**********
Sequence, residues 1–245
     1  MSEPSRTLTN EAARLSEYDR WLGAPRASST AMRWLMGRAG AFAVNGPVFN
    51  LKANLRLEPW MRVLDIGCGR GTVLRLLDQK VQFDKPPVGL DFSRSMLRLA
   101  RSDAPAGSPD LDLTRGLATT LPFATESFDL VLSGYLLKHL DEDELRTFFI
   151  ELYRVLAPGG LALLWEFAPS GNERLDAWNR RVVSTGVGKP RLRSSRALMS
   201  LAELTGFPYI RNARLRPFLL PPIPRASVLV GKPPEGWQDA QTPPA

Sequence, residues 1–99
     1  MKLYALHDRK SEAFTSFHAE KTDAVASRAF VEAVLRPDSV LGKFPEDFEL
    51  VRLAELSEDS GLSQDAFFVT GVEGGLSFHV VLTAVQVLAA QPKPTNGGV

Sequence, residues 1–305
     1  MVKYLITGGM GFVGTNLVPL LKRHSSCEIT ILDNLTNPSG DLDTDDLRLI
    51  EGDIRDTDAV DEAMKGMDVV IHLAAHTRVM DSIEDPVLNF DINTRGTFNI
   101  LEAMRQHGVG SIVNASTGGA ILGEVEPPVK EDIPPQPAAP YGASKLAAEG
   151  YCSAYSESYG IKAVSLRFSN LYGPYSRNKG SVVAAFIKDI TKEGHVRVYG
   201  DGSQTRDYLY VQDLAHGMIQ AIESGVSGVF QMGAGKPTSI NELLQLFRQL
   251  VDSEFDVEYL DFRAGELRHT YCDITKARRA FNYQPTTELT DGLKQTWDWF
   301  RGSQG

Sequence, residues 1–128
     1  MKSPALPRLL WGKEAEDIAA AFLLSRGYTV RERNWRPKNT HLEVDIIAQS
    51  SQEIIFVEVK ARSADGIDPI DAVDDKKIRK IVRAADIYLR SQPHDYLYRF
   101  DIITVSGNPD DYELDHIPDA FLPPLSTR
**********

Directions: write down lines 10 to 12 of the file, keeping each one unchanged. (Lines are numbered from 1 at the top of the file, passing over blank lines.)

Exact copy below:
Sequence, residues 1–305
     1  MVKYLITGGM GFVGTNLVPL LKRHSSCEIT ILDNLTNPSG DLDTDDLRLI
    51  EGDIRDTDAV DEAMKGMDVV IHLAAHTRVM DSIEDPVLNF DINTRGTFNI